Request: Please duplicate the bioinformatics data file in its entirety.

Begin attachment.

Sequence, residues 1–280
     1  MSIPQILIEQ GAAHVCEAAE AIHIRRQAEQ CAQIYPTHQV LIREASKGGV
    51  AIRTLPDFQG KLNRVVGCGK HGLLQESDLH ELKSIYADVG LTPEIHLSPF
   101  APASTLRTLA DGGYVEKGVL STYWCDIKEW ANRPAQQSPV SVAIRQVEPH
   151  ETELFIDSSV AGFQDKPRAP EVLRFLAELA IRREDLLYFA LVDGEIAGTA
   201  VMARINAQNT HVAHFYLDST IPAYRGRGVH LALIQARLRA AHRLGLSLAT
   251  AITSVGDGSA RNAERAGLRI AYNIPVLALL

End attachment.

Sequence, residues 1–280
     1  MSIPQILIEQ GAAHVCEAAE AIHIRRQAEQ CAQIYPTHQV LIREASKGGV
    51  AIRTLPDFQG KLNRVVGCGK HGLLQESDLH ELKSIYADVG LTPEIHLSPF
   101  APASTLRTLA DGGYVEKGVL STYWCDIKEW ANRPAQQSPV SVAIRQVEPH
   151  ETELFIDSSV AGFQDKPRAP EVLRFLAELA IRREDLLYFA LVDGEIAGTA
   201  VMARINAQNT HVAHFYLDST IPAYRGRGVH LALIQARLRA AHRLGLSLAT
   251  AITSVGDGSA RNAERAGLRI AYNIPVLALL